Nearly Half of Women and Girls Experience Absenteeism during their Menstrual Cycle, Study Finds

Majuro – Many women and girls in the Republic of the Marshall Islands (RMI) are missing school, work, and sporting commitments during their menstrual cycle due to their inability to manage menstruation outside of their homes, according to a study conducted by the Cookhouse Confidential group with support from International Organization for Migration (IOM).

The study conducted on 190 women and girls in Majuro Atoll, Ebeye Island, Wotje Atoll and Jaluit Atoll found that a staggering 46 per cent of girls and 44 per cent of women reported they missed up to three days of school and work per month, respectively, due to their menstrual cycle.

“Research is critical to effect policy change that is evidence-based and adapted to adequately support the unique needs of women and girls in the RMI context, especially to understand how we can achieve improved access to resources and services during times of disaster,” said Angela Saunders, Head of the IOM office in RMI.

Saunders added, “Absenteeism has dire consequences on girls’ education and may have negative effects including loss of wages and career advancement opportunities for women in the workplace.”

The study found possible reasons for absenteeism during menstruation include limited access, or financial means, to purchase menstrual products, a lack of knowledge of the most effective and appropriate menstrual products, inadequate Water, Sanitation, and Hygiene (WASH) facilities, and weak institutional support.

The vulnerability of women and girls is heightened during disaster situations as it may be more difficult for them to undertake their regular menstrual management practices due to displacement, cramped living situations, or limited privacy and they may face an even greater challenge accessing WASH facilities and menstrual products.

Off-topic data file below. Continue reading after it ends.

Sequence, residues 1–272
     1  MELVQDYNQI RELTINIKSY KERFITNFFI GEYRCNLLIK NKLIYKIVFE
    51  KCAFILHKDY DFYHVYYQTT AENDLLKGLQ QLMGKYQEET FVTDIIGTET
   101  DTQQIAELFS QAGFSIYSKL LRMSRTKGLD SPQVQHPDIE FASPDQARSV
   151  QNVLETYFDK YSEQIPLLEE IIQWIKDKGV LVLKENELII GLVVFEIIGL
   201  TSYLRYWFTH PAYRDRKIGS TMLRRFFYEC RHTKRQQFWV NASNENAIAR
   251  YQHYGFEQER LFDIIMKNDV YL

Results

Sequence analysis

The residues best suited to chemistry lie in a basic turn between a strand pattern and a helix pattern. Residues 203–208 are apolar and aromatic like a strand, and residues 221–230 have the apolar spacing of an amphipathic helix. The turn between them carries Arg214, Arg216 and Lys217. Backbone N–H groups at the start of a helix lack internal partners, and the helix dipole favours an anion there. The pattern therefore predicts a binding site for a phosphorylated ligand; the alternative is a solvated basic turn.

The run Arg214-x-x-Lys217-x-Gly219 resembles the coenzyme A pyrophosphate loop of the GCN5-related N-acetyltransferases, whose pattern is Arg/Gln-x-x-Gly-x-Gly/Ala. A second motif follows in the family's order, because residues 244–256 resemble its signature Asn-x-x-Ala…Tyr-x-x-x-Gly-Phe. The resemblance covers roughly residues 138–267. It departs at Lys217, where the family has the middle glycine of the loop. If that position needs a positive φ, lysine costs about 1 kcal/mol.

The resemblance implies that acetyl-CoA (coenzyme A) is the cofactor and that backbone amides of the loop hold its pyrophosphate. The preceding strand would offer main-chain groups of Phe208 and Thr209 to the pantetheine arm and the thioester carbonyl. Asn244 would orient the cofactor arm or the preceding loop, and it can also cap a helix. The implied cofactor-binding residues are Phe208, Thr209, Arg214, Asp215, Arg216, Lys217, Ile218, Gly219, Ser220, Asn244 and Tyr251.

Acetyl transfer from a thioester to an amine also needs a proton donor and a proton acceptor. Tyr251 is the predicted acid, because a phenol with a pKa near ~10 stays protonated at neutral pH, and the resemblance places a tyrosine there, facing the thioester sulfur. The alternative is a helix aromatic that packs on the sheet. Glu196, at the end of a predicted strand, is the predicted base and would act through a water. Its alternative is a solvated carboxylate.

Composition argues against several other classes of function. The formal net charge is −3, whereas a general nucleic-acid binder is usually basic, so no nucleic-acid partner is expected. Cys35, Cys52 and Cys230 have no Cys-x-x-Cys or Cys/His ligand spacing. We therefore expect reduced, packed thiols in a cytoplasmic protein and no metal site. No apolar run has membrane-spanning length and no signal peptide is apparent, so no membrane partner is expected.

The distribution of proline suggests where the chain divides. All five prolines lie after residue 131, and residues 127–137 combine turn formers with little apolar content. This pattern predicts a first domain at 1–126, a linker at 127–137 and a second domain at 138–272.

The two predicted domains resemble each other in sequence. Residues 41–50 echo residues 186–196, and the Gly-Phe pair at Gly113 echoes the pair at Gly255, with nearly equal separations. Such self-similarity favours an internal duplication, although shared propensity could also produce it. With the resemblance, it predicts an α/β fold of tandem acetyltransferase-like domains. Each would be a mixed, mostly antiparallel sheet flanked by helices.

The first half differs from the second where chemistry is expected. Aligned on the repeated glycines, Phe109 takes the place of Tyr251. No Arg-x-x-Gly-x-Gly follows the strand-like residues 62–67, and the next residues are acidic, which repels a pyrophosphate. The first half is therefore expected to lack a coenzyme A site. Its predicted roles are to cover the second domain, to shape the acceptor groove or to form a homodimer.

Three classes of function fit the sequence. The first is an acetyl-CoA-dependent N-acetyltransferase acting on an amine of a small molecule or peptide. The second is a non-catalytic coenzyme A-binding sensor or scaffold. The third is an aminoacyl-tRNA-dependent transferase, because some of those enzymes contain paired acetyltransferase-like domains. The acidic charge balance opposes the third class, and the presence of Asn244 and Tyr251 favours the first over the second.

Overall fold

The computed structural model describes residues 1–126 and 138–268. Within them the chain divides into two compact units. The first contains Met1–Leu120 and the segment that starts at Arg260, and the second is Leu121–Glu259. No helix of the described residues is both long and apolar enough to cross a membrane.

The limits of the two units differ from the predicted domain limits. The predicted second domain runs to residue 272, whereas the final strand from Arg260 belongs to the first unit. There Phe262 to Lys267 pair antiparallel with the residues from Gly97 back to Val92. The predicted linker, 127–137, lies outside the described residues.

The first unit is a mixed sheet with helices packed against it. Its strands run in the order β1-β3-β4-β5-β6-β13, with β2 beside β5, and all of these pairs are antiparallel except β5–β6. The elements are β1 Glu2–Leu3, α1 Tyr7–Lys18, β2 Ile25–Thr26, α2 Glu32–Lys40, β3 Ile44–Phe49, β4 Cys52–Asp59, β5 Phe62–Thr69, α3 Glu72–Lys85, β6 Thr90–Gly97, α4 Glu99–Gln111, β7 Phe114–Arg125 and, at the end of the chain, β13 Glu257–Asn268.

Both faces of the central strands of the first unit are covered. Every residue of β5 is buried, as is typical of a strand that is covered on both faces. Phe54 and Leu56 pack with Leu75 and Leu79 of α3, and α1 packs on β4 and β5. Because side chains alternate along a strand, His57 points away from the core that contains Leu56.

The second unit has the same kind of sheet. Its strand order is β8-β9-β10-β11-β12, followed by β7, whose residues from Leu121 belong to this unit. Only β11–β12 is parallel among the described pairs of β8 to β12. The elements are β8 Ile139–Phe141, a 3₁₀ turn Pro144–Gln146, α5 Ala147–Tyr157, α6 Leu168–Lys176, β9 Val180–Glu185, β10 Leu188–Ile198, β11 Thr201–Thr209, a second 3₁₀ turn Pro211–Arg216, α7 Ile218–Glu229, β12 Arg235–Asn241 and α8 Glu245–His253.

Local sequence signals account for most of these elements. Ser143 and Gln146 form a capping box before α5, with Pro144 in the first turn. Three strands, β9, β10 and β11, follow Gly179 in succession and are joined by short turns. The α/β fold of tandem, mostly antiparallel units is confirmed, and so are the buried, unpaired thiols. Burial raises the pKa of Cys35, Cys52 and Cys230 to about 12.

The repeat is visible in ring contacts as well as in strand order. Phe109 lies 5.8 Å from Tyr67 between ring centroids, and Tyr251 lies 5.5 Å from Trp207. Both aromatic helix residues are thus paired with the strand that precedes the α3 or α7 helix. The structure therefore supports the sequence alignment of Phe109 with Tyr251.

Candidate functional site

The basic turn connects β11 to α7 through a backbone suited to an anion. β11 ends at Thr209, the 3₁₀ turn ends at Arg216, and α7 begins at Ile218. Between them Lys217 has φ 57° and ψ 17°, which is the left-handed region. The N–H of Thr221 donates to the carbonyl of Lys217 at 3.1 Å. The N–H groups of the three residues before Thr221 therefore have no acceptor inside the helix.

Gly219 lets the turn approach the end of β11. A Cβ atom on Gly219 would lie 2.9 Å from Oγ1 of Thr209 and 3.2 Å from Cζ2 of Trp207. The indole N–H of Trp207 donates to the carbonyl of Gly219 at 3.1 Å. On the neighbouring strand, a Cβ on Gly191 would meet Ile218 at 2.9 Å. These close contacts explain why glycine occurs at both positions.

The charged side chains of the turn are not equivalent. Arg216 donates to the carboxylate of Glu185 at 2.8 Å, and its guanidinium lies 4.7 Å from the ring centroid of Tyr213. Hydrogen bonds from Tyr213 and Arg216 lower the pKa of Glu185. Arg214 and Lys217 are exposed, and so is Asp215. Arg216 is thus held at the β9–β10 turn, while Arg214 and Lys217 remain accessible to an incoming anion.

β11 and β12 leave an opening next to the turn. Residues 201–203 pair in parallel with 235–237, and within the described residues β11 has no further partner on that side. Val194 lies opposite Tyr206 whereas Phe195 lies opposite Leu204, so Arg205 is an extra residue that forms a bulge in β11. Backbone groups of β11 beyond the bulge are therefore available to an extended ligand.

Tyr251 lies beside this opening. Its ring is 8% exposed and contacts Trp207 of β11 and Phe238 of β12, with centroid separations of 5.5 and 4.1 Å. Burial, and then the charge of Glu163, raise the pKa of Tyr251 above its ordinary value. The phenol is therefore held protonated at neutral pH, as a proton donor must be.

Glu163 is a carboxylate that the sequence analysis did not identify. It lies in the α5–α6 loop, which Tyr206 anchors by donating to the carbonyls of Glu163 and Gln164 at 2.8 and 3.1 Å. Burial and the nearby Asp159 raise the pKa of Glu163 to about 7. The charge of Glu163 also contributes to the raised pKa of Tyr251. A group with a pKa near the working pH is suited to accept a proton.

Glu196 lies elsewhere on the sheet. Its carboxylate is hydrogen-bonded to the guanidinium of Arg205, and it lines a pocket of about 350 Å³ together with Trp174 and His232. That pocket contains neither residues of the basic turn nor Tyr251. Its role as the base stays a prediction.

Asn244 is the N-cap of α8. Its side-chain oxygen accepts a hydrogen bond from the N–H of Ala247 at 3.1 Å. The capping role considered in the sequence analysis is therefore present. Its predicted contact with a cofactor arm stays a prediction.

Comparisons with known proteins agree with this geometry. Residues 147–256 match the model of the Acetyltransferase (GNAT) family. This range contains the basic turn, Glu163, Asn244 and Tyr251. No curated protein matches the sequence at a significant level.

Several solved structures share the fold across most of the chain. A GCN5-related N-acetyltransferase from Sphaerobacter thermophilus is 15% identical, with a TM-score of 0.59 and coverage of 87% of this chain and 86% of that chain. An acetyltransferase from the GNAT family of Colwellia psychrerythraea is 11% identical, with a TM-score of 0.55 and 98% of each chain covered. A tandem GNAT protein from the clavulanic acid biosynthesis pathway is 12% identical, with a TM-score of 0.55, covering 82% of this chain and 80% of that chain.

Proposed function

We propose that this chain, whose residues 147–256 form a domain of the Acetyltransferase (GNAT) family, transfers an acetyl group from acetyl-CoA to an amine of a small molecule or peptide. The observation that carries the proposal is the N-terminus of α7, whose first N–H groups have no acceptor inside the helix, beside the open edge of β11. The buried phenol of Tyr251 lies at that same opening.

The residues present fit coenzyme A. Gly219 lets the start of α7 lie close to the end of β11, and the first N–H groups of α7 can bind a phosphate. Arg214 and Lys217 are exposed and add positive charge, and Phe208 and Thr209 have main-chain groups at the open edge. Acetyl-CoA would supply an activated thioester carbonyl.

“Policy recommendations identified in the study, including better-quality education and awareness around menstrual hygiene management and improved affordability and availability of hygiene products, are crucial to reducing absenteeism of women and girls,” said Australian Embassy Charge d’Affaires, Katrina Murray.

Findings of the study were presented last week (27/05) as IOM, in partnership with the Australian Embassy in the Marshall Islands, marked Menstrual Hygiene Day at an event attended by NGO, diplomatic, educational and private sector stakeholders. The event included a presentation of menstrual dignity kits that IOM is providing in RMI under the Care nan Kora program, thanks to funding (AUD 90,000) from the Government of Australia. In total, 700 families in vulnerable situations are being supported with much needed dignity kits and prepositioning supplies during disaster situations or a COVID-19 outbreak.

Through its partnership with the Australian Embassy, and generous funding from Australian Aid, IOM procures, assembles, and distributes female dignity kits to support women and girls in vulnerable situations who are disproportionately impacted due to pre-existing inequalities and gender norms.

The dignity kits have a particular aim to build preparedness in the event of a disaster situation, such as a drought or a typhoon, or a COVID-19 outbreak in RMI.

“We know that women can be especially impacted by lockdowns and other measures when crises impact a community. This is why we are so pleased to partner with IOM to deliver the kind of frontline assistance that makes a difference to women and girls in RMI – getting ahead of the problem wherever we can,” Ms. Murray said.

Notably, women entrepreneurs are further being empowered to produce and distribute reusable menstrual hygiene products to women and girls in remote locations.

In collaboration with the Gender and Protection Cluster and the Risk Communications and Community Engagement Group of the RMI, IOM incorporates information, education, and communication (IEC) materials into all dignity kits to ensure women and girls are well-informed about menstrual health management and usage of the contents in the kit. The IEC materials also include referral information for cases of Gender-Based Violence and COVID-19 mitigation measures.